07 May Colour and interiors
Painting, Colour, and Interiors
Imagine a world without colour. Colour is more than just an aesthetic tool – it is vital for providing information about our environments, as well as helping us to navigate around them. Applied colour in the field of interior design can be used practically, decoratively and architecturally, giving a sense of place and identity. The interior designer can shape the environmental field by considering colour at the outset of the design process. The use of colour harmony integrates colour as one of the main design constituents for transforming interior spaces and schemes.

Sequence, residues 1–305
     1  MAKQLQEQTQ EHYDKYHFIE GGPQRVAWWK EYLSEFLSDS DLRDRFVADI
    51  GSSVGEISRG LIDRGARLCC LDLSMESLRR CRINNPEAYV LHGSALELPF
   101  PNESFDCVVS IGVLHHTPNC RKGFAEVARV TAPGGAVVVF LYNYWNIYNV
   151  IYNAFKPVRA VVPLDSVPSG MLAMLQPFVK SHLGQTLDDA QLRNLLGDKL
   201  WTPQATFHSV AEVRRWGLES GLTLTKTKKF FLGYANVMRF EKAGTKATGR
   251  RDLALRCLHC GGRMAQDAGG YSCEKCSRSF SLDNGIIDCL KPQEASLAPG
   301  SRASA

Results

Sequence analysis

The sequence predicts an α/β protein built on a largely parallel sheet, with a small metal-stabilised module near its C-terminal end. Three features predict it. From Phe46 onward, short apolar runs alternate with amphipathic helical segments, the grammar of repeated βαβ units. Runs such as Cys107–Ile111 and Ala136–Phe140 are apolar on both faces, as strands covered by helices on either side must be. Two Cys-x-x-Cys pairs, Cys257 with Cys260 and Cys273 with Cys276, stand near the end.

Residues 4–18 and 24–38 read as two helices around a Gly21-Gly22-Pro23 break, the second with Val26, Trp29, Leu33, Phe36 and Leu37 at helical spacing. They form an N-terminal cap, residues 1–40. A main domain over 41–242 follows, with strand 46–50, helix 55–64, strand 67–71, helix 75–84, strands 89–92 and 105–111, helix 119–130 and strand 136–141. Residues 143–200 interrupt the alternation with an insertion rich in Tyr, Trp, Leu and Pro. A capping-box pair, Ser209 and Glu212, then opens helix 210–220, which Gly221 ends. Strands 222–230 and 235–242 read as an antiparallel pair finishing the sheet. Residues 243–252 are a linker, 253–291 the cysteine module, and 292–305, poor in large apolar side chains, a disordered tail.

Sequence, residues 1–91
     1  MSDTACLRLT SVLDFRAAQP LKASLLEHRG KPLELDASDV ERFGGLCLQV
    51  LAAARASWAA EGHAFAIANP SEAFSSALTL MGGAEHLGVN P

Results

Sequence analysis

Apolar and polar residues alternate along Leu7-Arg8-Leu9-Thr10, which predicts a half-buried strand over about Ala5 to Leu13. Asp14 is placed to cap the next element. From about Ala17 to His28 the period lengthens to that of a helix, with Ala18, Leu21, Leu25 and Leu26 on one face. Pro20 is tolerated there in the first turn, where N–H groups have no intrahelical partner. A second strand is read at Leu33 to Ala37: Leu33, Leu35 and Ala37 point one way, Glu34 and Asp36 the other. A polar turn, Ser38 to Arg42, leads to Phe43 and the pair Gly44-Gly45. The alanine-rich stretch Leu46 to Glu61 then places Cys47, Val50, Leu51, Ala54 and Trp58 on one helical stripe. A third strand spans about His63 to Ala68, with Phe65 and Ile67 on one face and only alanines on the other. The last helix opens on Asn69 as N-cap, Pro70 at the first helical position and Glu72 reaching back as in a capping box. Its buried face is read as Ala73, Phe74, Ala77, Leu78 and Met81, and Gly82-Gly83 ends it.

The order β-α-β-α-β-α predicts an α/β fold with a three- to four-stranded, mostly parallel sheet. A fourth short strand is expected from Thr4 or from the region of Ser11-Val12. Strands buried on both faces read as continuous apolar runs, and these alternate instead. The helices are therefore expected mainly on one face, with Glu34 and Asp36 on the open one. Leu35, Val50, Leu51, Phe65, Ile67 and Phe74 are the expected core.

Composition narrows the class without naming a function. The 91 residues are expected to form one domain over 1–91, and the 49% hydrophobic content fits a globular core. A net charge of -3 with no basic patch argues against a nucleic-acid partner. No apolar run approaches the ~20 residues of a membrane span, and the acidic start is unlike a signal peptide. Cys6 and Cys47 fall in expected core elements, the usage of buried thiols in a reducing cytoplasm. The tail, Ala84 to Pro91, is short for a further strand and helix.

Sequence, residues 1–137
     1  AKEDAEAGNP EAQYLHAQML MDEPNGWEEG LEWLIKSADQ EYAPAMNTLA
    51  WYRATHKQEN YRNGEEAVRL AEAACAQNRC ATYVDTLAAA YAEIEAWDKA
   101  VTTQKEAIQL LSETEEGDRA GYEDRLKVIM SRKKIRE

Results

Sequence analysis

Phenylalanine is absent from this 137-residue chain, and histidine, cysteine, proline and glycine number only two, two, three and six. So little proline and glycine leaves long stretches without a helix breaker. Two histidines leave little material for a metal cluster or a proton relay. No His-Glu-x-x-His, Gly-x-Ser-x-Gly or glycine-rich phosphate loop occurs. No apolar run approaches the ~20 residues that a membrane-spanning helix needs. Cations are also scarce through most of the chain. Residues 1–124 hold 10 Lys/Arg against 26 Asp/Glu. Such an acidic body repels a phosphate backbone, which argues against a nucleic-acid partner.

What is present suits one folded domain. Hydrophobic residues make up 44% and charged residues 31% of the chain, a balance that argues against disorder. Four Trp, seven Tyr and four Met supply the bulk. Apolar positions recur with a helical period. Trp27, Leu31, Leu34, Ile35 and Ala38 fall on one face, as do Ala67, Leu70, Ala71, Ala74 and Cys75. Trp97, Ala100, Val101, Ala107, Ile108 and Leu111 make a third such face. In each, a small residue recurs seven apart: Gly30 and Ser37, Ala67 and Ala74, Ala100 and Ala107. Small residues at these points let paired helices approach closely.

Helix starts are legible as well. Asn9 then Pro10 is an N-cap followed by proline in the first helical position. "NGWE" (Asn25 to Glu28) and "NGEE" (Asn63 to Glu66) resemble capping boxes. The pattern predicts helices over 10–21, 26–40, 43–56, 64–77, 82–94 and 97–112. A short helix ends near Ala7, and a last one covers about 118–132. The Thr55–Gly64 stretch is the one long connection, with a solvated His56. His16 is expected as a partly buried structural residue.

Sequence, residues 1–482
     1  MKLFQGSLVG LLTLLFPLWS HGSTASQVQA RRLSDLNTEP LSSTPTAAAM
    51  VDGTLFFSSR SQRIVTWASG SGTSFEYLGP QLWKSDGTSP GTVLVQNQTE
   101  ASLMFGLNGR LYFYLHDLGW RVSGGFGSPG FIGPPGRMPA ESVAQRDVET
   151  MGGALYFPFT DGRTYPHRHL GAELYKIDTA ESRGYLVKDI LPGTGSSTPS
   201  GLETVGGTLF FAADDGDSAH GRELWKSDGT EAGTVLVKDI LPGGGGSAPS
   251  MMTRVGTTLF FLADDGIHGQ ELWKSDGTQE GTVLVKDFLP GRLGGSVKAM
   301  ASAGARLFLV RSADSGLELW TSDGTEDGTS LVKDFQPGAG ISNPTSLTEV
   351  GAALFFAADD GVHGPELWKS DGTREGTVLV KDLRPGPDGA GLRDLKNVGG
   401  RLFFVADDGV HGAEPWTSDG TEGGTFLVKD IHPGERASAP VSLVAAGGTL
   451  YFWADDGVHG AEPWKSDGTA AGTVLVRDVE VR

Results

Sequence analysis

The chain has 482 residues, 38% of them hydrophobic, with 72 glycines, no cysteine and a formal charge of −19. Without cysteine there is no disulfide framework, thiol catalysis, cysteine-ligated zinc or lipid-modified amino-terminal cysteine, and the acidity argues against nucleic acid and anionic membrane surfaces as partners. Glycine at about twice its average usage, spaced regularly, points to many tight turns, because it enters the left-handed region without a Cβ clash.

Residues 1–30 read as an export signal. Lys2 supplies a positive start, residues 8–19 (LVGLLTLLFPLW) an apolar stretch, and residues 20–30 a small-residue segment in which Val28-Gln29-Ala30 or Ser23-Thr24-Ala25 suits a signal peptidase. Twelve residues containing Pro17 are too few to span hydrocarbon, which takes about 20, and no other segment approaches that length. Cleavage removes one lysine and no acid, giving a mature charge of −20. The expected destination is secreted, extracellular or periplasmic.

When choosing textiles or paints for an interior scheme, remember that colour can be an important tool to shape and alter space. It can make objects look lighter or heavier, spaces seem warmer or cooler, or cause planes to advance or recede. Generally, warm colours such as red and yellow tend to be advancing (making walls for example appear to come closer), white cool colours such as blue and green are receding. Brightness or intensity is a major factor in determining whether colours advance or recede. A very bright colour is advancing and a dull warm one is receding. Although generalizations can be made, colour is primarily subjective, relying on personal preference and on our sense of aesthetic well being.
Source: The interior designer course – principles, practices and techniques for the aspiring designer, By Tomris Tangaz, Publisher: Thames & Hudson
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